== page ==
The People’s Climate March, which saw hundreds of thousands around the world take to the streets for action on global warming in New York City, was followed this week by a United Nations climate summit in which world leaders advanced an agenda devoid of binding commitments. We discuss this global climate week and what comes next with Kumi Naidoo, executive director of Greenpeace International. On the eve of the climate summit, Greenpeace projected the message “Listen to the People, Not the Polluters!” on the side of the U.N. building. Much of Greenpeace’s focus here has been on the need to protect the Arctic. During a meeting with U.N. Secretary-General Ban Ki-moon, the group handed over a petition with six million signatures calling for its long-term protection. With scientists reporting the region is warming more than twice as fast as the global average, Greenpeace and other groups are calling for a ban on oil exploration of the area. Watch Part 2 of this interview.
JUAN GONZÁLEZ: This week, world leaders have wrapped up a one-day day United Nations summit on climate change with pledges to tackle global warming, but no binding commitments. On the eve of the climate summit, Greenpeace projected the message, “Listen to the People, Not the Polluters!” on the side of the U.N. building.
AMY GOODMAN: Much of Greenpeace’s focus here has been on the need to protect the Arctic. During a meeting with U.N. Secretary-General Ban Ki-moon, they handed over a petition with six million signatures calling for its long-term protection. Scientists say the region is warming more than twice as fast as the global average. Greenpeace and other groups are calling for a ban on oil exploration of the area.
For more, we’re joined by Kumi Naidoo, executive director of Greenpeace International.
Welcome back to Democracy Now! Your T-shirt says, “The Arctic affects us all.” Kumi, talk about your meeting with U.N. Secretary-General Ban Ki-moon and the significance of this week in New York.
KUMI NAIDOO: Well, if forests are the lungs of the planet, the Arctic is the air conditioner and the refrigerator of the planet. When Hurricane Sandy happened here, for example, for the first time we started hearing mainstream American journalists talk about a polar vortex and Arctic freeze. And thankfully, people are understanding that what happens in the Arctic, unlike when Americans say, “What happens in Vegas stays in Vegas,” what happens in the Arctic does not stay in the Arctic. So, the meeting with the secretary-general was to ask him to call for a special summit of world leaders on the Arctic. Thankfully, he didn’t officially comment immediately, but he said he will consider and consult.
We also presented him with a declaration saying that the upper Arctic should be declared a global sanctuary, in the same way that the Antarctic is, where there’s no oil drilling, no industrial fishing and no commercial exploitation. Bear in mind that there are four million indigenous peoples that live in the Arctic. They have lived in a delicate balance with nature, and they have—and their livelihoods have already been impacted. So, from both a human rights and an environmental perspective, we believe that protecting the Arctic is now a critical imperative. And thankfully, the secretary-general completely supports us. The question is: How do we get powerful nations that feel that they have a claim on the Arctic to back down?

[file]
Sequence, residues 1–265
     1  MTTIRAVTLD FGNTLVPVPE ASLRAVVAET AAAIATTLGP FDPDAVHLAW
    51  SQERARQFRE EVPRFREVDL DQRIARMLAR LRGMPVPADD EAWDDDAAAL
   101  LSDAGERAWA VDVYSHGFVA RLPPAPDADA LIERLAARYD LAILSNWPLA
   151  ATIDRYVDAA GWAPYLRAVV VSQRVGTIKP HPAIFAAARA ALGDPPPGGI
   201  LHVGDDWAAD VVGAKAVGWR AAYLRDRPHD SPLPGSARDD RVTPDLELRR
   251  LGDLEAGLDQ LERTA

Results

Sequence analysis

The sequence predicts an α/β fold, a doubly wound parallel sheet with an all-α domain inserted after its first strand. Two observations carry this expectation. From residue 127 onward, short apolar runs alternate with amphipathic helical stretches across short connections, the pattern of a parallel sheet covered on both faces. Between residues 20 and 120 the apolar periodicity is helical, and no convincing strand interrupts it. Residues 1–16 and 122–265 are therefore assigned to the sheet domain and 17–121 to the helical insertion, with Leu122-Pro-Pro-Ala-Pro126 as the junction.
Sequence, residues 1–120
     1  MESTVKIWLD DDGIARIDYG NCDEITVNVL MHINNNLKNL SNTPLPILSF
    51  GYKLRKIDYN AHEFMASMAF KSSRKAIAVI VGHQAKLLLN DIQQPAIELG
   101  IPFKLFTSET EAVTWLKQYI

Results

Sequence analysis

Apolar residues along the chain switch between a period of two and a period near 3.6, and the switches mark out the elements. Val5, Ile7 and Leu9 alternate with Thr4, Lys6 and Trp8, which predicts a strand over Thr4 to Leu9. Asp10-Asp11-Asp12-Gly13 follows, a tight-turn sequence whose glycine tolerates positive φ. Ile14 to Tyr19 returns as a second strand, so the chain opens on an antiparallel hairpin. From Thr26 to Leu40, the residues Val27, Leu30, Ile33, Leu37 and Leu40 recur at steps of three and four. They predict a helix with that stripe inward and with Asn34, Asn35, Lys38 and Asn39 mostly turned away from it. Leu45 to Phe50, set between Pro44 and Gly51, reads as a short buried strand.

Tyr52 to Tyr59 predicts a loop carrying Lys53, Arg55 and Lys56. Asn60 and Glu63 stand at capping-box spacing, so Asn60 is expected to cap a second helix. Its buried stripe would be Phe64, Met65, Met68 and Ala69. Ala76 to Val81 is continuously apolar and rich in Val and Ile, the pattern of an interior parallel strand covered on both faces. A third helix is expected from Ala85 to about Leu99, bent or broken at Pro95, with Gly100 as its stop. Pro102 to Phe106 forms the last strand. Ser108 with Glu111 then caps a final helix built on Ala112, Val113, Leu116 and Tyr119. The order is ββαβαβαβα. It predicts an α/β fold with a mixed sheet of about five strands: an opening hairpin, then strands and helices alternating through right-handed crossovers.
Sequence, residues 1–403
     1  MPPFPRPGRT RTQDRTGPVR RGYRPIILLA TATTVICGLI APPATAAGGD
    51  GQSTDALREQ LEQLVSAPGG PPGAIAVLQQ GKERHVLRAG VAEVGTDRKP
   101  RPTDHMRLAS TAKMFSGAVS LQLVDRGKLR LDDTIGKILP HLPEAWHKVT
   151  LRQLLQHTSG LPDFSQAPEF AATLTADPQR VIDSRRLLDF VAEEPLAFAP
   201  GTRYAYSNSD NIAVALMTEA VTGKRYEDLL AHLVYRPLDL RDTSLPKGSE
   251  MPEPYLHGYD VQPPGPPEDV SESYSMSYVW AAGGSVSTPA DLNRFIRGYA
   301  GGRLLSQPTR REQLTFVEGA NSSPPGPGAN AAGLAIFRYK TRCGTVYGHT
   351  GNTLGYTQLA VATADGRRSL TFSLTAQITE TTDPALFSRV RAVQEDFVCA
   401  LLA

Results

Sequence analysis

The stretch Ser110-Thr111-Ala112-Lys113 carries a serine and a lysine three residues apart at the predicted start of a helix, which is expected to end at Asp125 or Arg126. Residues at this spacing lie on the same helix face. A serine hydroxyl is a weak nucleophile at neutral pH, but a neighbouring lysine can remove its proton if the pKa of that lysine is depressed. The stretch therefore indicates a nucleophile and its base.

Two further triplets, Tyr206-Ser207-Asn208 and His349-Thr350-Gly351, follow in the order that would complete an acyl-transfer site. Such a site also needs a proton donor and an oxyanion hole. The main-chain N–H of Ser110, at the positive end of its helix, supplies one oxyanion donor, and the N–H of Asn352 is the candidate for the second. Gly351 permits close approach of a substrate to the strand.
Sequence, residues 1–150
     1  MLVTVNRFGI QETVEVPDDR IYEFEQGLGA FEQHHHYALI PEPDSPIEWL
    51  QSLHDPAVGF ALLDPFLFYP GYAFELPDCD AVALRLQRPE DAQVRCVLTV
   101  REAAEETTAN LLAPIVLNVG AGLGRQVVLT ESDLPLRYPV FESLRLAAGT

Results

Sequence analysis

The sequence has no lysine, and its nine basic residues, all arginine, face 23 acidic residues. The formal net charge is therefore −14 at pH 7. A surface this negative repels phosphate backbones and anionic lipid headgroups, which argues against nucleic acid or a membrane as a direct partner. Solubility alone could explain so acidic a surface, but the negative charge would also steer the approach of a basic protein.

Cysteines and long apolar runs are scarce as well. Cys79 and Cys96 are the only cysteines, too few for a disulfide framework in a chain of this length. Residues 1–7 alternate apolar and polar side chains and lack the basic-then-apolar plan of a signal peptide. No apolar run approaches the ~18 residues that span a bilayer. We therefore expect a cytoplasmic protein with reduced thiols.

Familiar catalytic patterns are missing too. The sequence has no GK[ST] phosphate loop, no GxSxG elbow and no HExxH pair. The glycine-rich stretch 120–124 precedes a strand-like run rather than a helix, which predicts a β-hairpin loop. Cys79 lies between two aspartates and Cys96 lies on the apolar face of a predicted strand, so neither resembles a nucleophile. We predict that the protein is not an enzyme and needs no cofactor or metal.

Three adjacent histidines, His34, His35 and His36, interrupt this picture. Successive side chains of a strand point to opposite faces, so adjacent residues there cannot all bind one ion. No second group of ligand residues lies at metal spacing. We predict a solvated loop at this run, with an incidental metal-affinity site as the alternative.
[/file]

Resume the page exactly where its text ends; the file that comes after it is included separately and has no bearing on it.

JUAN GONZÁLEZ: And you’ve made that appeal to a half-dozen nations that are in the Arctic. What has been generally the track record or the response of these nations?
KUMI NAIDOO: Well, Finland is the first Arctic nation that supports our call. They’ve come out in saying that they will support the sanctuary. Sadly, the United States, Canada and Russia are the ones who are wanting to explore for oil and gas. I mean, President Obama is still considering giving Shell a license to explore in the Alaskan Arctic. We know that—you might remember the story of the Arctic 30 from last year. That oil now is actually coming out of the Russian Arctic. But the important thing is that there’s six million people already who have joined actively this campaign. And it was the strength of that support that Ban Ki-moon created a half an hour in his schedule to see us last week.
AMY GOODMAN: I want to play clip of you, Kumi, speaking on the phone in 2012, when you and five other Greenpeace activists occupied this Russian oil rig to protest the Arctic, the rig belonging to Gazprom. Kumi, you were being sprayed with water cannons as you spoke to us.
KUMI NAIDOO: We are being—we are being sprayed by a high-pressure hose. We’ve been holding on for the last three hours. But you probably can hear the hose, a heavy [inaudible] spray. We are in a tent. We simply want to make the point that drilling in the Arctic is completely reckless and will accelerate catastrophic climate change. But we are terribly anxious now because they are spraying us heavily with water hoses. And it’s really hard to hang on to the little tent where we are taking refuge.
JUAN GONZÁLEZ: And, Kumi, who precisely is spraying you with the water hoses?
KUMI NAIDOO: The employee—employees and the security of Gazprom. Gazprom is the oil company that is probably going to be, if we don’t stop them, the first company to start drilling oil in the Arctic. And they’ve been at us now for over an hour, so we’re really struggling to stay up here on the rig at the moment.
AMY GOODMAN: Now, that was a little hard to understand, but it was, to say the least, extremely difficult circumstances. In fact, Kumi, you were telling me the story of someone else who heard you on Democracy Now!